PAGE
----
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Air Pollution

Government claims they’re serious about northern air pollution

Jack Burton

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PHOTO: Thai PBS World

Thailand’s northern provinces, particularly Chiang Mai and Chiang Rai, suffer mightily during the annual plantation burning season, infamously known as “smoky season,” when farmers there and in neighbouring Laos, Myanmar and Cambodia burn their fields in preparation for the next harvest. The season lasts from January to April, and during that time Chiang Mai often rates as having the worst air quality in the world. But now the government says it’s taking air pollution seriously and aims to clean up the North.

Chiang Mai’s air quality problems have been a consistent issue, since the northern Thai city was declared ‘most polluted city in the world’ on March 10, according AirVisual.com. The city has ‘won’ the accolade on more than 10 days this year. Adding to the problem, in March and April this year were the forest fires challenging local authorities in the mountains around the city.

Government spokeswoman Narumon Pinyosinwat expressed gratitude to the Chiang Mai Breath Council for its concern on smog in the North and gave assurances the government is earnest about solving the problem. Responding to the council’s demand for successful resolution she said the council makes a huge contribution by monitoring air pollution for the sake of public health.

“The government has tried to solve the problem and assigned local authorities to implement relevant measures. It is never distracted from the effort, despite the coronavirus pandemic.”

“The government is grateful for the Chiang Mai Breath Council’s campaigns for clean air. However, the problem cannot be solved by a single organisation. All parties must join forces. I believe that solutions will improve from now on.”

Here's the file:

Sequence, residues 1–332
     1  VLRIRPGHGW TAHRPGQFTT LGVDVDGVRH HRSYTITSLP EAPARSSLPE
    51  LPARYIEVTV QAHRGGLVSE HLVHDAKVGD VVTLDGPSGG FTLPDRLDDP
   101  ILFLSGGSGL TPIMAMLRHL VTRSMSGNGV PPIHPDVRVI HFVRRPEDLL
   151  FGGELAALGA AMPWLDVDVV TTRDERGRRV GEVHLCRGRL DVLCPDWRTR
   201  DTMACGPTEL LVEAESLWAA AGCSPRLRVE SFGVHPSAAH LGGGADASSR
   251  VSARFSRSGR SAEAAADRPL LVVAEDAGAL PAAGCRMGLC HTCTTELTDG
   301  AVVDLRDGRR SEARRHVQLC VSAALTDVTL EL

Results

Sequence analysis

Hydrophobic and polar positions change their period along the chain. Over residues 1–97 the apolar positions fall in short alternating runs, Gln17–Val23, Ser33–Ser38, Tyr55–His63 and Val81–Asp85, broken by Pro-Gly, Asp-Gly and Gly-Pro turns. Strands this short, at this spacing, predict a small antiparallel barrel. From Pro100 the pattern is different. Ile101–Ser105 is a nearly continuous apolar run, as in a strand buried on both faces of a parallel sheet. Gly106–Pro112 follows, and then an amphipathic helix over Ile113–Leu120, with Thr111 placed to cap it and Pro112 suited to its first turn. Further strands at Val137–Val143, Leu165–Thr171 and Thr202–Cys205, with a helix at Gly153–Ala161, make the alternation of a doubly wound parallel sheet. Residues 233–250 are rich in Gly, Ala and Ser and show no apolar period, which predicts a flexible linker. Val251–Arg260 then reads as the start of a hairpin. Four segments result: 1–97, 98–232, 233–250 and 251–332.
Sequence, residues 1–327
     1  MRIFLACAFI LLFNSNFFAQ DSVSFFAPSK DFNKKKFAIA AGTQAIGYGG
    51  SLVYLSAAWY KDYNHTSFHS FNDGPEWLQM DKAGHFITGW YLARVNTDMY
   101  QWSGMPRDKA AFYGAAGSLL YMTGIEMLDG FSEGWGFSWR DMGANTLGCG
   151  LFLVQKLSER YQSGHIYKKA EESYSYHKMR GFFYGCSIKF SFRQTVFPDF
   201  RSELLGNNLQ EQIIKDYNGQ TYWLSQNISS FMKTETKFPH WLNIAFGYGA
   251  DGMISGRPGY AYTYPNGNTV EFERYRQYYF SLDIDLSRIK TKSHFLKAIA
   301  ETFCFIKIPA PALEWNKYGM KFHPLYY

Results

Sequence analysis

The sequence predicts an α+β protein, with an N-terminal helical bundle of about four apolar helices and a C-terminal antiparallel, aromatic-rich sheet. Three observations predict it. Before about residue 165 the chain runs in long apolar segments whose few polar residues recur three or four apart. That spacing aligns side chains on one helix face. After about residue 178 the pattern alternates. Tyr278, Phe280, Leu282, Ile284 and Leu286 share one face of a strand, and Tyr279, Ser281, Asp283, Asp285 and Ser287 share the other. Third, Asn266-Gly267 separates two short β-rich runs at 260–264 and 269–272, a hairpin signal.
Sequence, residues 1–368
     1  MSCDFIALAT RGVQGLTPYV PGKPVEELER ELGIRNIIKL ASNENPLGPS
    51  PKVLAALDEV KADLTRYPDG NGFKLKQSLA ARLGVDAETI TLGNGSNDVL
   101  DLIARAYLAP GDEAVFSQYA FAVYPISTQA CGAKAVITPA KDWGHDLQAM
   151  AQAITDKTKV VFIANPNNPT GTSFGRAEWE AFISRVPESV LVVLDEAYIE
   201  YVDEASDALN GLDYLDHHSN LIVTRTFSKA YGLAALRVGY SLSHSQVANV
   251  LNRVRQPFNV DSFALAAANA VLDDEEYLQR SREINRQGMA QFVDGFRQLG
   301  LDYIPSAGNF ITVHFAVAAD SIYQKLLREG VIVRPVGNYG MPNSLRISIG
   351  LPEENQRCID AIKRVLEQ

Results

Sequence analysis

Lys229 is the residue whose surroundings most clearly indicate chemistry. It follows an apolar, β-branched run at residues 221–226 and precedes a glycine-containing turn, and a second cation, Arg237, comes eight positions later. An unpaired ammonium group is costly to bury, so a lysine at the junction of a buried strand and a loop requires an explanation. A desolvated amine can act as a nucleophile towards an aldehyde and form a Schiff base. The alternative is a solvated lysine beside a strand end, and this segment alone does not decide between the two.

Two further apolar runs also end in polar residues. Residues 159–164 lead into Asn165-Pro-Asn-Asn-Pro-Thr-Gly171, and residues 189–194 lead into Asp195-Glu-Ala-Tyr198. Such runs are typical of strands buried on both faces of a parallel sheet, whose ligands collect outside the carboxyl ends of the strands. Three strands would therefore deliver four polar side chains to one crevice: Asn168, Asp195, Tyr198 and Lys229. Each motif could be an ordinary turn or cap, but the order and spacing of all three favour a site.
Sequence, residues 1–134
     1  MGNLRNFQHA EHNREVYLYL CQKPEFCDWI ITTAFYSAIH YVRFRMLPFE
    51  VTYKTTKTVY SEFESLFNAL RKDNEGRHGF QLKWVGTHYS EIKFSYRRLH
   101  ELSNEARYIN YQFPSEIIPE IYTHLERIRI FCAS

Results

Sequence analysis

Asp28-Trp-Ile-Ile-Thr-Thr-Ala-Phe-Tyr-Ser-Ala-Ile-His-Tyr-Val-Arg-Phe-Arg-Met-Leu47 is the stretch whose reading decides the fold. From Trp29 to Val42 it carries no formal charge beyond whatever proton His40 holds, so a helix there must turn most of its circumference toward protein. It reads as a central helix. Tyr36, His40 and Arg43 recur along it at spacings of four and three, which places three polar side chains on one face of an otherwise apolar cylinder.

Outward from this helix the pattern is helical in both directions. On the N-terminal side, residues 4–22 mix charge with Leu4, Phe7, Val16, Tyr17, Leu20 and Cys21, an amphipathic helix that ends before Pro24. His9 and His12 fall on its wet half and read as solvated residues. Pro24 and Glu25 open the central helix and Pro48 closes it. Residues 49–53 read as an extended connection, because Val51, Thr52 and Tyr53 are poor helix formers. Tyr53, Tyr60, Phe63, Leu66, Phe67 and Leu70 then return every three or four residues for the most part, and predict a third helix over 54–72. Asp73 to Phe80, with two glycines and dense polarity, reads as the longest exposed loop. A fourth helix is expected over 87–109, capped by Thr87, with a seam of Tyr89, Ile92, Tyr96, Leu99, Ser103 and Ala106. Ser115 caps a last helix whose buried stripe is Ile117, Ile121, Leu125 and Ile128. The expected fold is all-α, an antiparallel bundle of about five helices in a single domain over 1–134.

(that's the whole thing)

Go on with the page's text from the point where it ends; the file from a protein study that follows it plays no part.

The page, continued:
The government spokeswoman also said that Deputy PM Prawit Wongsuwon would visit Chiang Mai province today to follow up on smog solutions.

“The government understands that it may not be impossible for provincial and regional parties to solve the issue by themselves. We believe that if all parties join hands and watch out for wildfires, which are at the root of the problem and cause of the fine dust, air pollution will be relieved eventually.”

 

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3 Comments

3 Comments

  1. Avatar

    Arseniy Kamyshev

    Thursday, May 21, 2020 at 4:48 pm

    I want to believe. But I can not.

  2. Avatar

    Eva Brooks

    Thursday, May 21, 2020 at 6:43 pm

    Start by making illegal with heavy fines and gaol time, the burning of sugarcane farms. Its often done @ night to avoid detection.

  3. Avatar

    Godless Nihilist

    Friday, May 22, 2020 at 5:29 am

    Threatening farmers without offering solutions is pointless. Education to alternative methods of tillage and land management need to be put in place. Decreased burning usually leads to an increase in chemical pest control so one is exchanging air pollution for water pollution if alternatives are not handled correctly. Burning needs to be controlled as it will be near impossible to totally eliminate, nor is total elimination beneficial as seen in the lead up to the California wildfires. Having said all this, Northern Thailand can and must do better for its citizens.

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Jack Burton is an American writer, broadcaster, linguist and journalist who has lived in Asia since 1987. A native of the state of Georgia, he attended the The University of Georgia's Henry Grady School of Journalism, which hands out journalism's prestigious Peabody Awards. His works have appeared in The China Post, The South China Morning Post, The International Herald Tribune and many magazines throughout Asia and the world. He is fluent in Mandarin and has appeared on television and radio for decades in Taiwan, Mainland China, Hong Kong and Macau.

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